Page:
Strategies for teamwork


A growing number of projects involve multiple researchers working collaboratively. While teams offer higher productivity and a richer perspective, they also present a number of management challenges.  This topic suggests some strategies for meeting these challenges.

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Ways to collaborate

Many projects involve multiple researchers working together. NVivo helps you to collaborate by allowing you to Work in copies of a project and merge them into a master project at appropriate intervals—making use of user profiles to track changes. A challenge with teamwork is balancing coding (and thinking) as though you are all one person, with taking an independent approach to coding (and thinking) to bring the value of diverse viewpoints and experience into the research.

While teams offer higher productivity and a richer perspective, they also present a number of management challenges. Early in a project it is important to determine the approach your team will take to:

  • Collecting and organizing data.

  • Creating and cataloguing themes and topics (the node structure).

  • Coding the data.

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Strategies for managing teamwork

When you collaborate in a project, you might want to consider the following:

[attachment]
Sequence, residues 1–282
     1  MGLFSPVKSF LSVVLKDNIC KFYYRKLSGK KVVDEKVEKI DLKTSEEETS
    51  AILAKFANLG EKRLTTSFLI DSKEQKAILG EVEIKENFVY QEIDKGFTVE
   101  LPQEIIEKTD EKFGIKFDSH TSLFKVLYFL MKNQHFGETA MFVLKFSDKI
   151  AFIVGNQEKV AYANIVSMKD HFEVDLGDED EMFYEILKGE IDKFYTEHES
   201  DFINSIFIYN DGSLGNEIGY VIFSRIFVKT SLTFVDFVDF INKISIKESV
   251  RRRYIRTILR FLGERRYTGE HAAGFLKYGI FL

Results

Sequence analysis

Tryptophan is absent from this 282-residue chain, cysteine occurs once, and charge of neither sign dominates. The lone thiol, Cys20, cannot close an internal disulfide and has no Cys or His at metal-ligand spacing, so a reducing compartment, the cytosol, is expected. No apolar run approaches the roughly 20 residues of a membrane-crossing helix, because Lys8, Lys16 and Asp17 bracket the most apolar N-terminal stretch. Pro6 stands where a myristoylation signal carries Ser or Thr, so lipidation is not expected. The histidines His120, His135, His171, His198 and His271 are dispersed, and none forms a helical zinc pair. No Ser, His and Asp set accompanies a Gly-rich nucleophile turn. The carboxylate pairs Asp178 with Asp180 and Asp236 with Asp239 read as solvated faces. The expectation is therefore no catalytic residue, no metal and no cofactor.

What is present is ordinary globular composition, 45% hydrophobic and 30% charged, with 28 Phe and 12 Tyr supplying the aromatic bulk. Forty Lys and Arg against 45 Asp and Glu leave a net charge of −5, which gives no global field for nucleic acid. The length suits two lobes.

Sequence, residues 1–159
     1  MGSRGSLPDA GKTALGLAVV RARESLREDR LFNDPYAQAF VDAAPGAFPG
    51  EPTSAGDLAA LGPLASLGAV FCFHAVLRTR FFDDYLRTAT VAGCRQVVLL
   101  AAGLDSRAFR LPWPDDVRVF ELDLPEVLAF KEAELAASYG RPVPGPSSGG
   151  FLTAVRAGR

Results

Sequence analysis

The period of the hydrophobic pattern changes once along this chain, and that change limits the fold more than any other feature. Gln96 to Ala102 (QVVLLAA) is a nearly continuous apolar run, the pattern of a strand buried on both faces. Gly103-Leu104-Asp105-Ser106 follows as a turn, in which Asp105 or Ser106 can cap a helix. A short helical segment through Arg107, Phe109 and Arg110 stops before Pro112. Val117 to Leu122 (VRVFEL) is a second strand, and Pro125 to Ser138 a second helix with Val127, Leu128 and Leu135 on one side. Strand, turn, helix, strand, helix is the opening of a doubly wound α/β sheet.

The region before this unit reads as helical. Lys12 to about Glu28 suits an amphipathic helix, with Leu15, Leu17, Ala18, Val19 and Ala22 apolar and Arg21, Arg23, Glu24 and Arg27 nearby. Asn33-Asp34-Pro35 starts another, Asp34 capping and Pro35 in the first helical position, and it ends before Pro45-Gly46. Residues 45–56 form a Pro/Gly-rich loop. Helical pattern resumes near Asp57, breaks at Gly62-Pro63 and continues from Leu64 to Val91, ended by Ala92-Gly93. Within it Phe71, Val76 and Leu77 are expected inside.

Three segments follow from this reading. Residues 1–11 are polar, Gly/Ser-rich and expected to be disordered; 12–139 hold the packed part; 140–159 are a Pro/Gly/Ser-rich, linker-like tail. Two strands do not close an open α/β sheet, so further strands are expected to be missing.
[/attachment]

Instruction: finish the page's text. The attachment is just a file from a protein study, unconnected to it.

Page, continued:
• Appoint a team leader who will keep the team on track and make final coding decisions.

  • Have regular team meetings to discuss interpretations, address issues and assign tasks—record the outcomes in a memo.

  • Have each team member keep a memo to record their progress, including any hunches, suggestions or questions—you could also do this in a single ‘teamwork journal’.

  • Early on, have multiple team members code the same collection of sources, then compare coding (using coding stripes or a Coding Comparison query )—this can help ensure a consistent approach.

  • To start with, make a node hierarchy for each team member.  After team discussion, you can refine, merge and reorganize.

  • Aim for a clear node structure and use descriptions (in node properties) to make the purpose of a node clear for all team members.

  • As the project progresses, see which nodes have been created or modified and by which team member—do this in Node List View.

  • While a common node structure is important for efficiency and reliability— it should remain flexible so that new insights and exciting ideas are not lost.

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Compare the coding of team members

If multiple researchers are coding the same material, you may be interested in the consistency of their coding. You can run a Coding Comparison query to check the 'inter-rater reliability' using the Kappa coefficient.

Where coding consistency is important, it may be useful to agree on a node structure early and have regular discussions about how the structure is evolving.

Remember that inconsistency in coding is not necessarily negative— it may prompt productive debate and deeper insights into the data.

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